Aged Cocktails: the Vieux Carré

a Vieux Carré in its aging bottle

For those of you who tuned in for my post on Tuthilltown Spirits, as promised, here is the next installment featuring aged cocktails.

For those of you who didn’t, or who aren’t up on your high-end craft cocktail trends, aging cocktails is one of the recent crazes hitting bars across the nation, starting with Jeffrey Morgenthaler in Portland, OR back in 2010.  It is appropriate for spirit driven cocktails that do not contain any citrus, dairy or eggs (for hopefully obvious reasons), for example, the Negroni or the Manhattan.  A very few select bars around the nation have started to dabble in aged cocktails over the past year, including Summit Bar in NY, but it remains firmly in the realm of the esoteric for the time being.

And now, making it easier to DIY, Tuthilltown Spirits, who I visited a few weeks ago and who also supplied Morgenthaler with his first batch of barrels, have come out with the cocktail aging bottle.  That’s right, a glass bottle (the same one they use for their bourbons, in fact) with a piece of used oak barrel inside.  When I saw these, I racked my brain for who would think they were as cool as I did and actually use them, so I could buy as many as possible as gifts.  Unfortunately, the list was short.  And so for my less cocktail-savvy (and extremely lucky) friends, I made individual bottles of aged Vieux Carrés as this year’s homemade holiday present.

My first encounter with the Vieux Carré was a month or so ago at Lamb’s Club – another stellar spot in midtown, with a bar program courtesy of Mr. Petraske.  Storied to have originated at the Monteleone Hotel in New Orleans in the 1930s, it certainly tastes like it could have.  The classic recipe calls for 3/4 oz each rye, cognac and sweet vermouth, 1 tsp Benedictine and 2 dashes each Peychaud and Angostura bitters.  Sometimes it also calls for a lemon peel garnish.

the ingredients

The Lamb’s Club recipe, and the one I used is:

  • 1 oz rye (I used Old Overholt)
  • 1 oz cognac (Pierre Ferrand Ambre)
  • 1/2 oz sweet vermouth (Dolin’s Rouge)
  • 1/4 oz Benedictine
  • 1 dash Angostura bitters
  • Brandied cherry garnish

If you are drinking immediately, stir ingredients in a rocks glass, add 1 large ice cube (these 2×2 silicone ice trays work well at home) and enjoy.

If you are aging your Vieux Carrés, prepare a large batch with the proportions 1-1-1/2-1/4 rye, cognac, vermouth and benedictine, with 1 dash of bitters for every 2 oz of rye/cognac.  For example, we mixed ours in batches with 16 oz rye, 16 oz cognac, 8 oz vermouth, 4 oz Benedictine and 8 dashes bitters.  We stirred it all together in the largest receptacle I could find – a pasta pot – then poured into each bottle (6 total, which took a little over a bottle each of rye and cognac, 2/3 bottle vermouth, 2/3 bottle Benedictine).  Each bottle contains just over 3 full cocktails.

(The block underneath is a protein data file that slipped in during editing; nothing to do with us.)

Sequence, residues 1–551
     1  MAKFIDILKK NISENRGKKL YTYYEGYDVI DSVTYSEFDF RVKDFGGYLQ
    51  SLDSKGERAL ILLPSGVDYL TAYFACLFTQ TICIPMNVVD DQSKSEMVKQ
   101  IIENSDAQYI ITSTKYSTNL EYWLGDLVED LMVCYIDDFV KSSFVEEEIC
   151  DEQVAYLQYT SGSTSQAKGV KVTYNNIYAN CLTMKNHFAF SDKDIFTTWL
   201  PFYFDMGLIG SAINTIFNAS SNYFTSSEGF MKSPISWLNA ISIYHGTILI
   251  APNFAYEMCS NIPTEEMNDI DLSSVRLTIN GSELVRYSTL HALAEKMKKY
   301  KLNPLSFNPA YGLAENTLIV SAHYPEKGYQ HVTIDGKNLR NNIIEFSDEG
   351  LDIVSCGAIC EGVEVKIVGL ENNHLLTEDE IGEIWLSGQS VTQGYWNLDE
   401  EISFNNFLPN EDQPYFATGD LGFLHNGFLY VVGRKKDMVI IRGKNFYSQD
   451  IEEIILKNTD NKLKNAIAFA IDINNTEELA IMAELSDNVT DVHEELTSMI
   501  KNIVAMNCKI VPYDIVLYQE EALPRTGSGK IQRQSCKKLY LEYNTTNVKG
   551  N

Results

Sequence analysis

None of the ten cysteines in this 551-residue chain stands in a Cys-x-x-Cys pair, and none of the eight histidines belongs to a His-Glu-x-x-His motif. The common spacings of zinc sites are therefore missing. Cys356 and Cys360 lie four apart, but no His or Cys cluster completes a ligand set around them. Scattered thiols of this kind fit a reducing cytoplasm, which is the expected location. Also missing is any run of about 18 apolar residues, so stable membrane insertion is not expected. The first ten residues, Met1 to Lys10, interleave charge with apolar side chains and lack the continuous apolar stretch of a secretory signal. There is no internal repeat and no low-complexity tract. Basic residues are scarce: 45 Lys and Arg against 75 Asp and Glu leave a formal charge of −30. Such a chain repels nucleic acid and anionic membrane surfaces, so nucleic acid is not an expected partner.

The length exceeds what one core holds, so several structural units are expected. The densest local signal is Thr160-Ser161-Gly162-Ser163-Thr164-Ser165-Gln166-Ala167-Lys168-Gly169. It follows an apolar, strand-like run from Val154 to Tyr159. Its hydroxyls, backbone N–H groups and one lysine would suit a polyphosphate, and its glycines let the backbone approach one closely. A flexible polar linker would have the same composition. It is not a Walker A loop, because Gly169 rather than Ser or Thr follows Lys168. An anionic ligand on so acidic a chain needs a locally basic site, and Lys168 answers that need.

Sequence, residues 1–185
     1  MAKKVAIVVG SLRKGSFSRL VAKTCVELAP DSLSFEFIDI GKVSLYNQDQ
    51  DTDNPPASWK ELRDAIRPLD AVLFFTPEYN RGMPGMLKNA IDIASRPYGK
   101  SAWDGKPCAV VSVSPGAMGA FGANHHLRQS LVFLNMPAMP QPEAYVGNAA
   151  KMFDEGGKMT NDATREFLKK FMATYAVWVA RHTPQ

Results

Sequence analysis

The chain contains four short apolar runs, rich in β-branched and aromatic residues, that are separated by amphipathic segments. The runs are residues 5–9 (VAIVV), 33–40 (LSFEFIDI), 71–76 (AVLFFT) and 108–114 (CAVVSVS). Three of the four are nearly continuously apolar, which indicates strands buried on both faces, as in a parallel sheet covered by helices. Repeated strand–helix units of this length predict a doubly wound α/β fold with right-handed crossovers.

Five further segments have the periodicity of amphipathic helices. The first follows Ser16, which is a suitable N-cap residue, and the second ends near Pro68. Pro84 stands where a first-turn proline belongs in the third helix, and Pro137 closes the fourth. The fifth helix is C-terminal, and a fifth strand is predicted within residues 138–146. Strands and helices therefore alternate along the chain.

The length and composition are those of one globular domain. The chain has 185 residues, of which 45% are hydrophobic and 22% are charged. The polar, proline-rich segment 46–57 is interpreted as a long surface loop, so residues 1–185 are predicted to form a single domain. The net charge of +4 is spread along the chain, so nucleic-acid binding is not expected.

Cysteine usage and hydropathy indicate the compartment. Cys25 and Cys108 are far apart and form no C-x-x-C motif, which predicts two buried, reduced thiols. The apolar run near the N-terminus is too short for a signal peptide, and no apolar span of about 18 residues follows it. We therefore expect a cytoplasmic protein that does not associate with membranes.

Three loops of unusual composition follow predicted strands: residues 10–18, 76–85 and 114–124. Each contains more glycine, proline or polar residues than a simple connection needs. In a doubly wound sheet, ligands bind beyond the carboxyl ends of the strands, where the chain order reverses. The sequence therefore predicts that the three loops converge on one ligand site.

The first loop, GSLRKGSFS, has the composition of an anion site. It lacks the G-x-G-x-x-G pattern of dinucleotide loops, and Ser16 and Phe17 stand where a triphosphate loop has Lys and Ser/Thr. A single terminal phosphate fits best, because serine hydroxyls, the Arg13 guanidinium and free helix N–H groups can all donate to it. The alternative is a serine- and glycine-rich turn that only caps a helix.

When aging cocktails in barrels, one can wait 3-6, or more, months (although Morgenthaler only aged his experiments for 5-6 weeks).  In these bottles, since the wood-to-liquid ratio is higher, we have estimated they should age about a month.  (Leaving cocktails to age for too long can make them oaky.)  But just in case I’ll start tasting next week to see how they progress and will keep you posted!

this year's homemade gift

Addendum:

Almost a month later the cocktail experiment is concluded – or at least Phase 1 is.

I realized that in my original post I neglected to discuss why one might want to age a cocktail. Essentially, the aging process mellows the alcohol and fuses the flavors of the ingredients, adding the charred notes of the wood in the process just like aging bourbon or anything else. I had originally thought a few weeks would be the right amount of time to age the Vieux Carrés but I have now revised that down to a week to ten days.

At Week 1 of the aging process I started testing and conducting “vertical tastings”, mixing up a fresh batch of cocktails alongside the aged ones. This actually being my first ever aged cocktail experience I was wondering what it would taste like and slightly worried I might not notice the difference (horror).

Turns out I shouldn’t have worried – the difference is overwhelming, and also delicious. Just as it’s supposed to, the barrel stave and aging process had blended and softened the flavors. The aged cocktail was less bright, and smoother than its fresh cousin, with a hint of oak. This also made it even more highly drinkable (read: dangerous).

I stopped the aging in one of the bottles at one week, and continued to sample it against other bottles for comparison. At ten days it was still great, but at two weeks the wood got to be a bit overpowering, adding a hard edge to the mix. Still drinkable – don’t worry I’m not about to let it go to waste! – but not as soft and velvety as the one week.  

Oh no, you might think, what if I miss the sweet spot and don’t have time to drink it in the 7-10 day window. Not to fear, just remove the stave from the bottle and enjoy at your leisure. 

Now for my next experiment: what happens if you age the cocktail without a stave at all? And perhaps some other variations on the theme. Stay tuned….

Tuthilltown Spirits: A Field Trip

Tuthilltown's Spirits

The first distillery in New York state since prohibition looks a lot like a converted garage where some mad scientist has rigged up all sorts of contraptions for his experiments. And in fact, that might not be too far off the mark.

the garage